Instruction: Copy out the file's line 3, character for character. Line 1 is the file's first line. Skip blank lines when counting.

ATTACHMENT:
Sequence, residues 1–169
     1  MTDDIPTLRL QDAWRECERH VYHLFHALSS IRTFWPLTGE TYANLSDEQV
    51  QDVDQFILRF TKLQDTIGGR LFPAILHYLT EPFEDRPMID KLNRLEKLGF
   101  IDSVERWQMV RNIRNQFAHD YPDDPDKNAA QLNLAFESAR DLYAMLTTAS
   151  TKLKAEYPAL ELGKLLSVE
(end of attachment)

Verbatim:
    51  QDVDQFILRF TKLQDTIGGR LFPAILHYLT EPFEDRPMID KLNRLEKLGF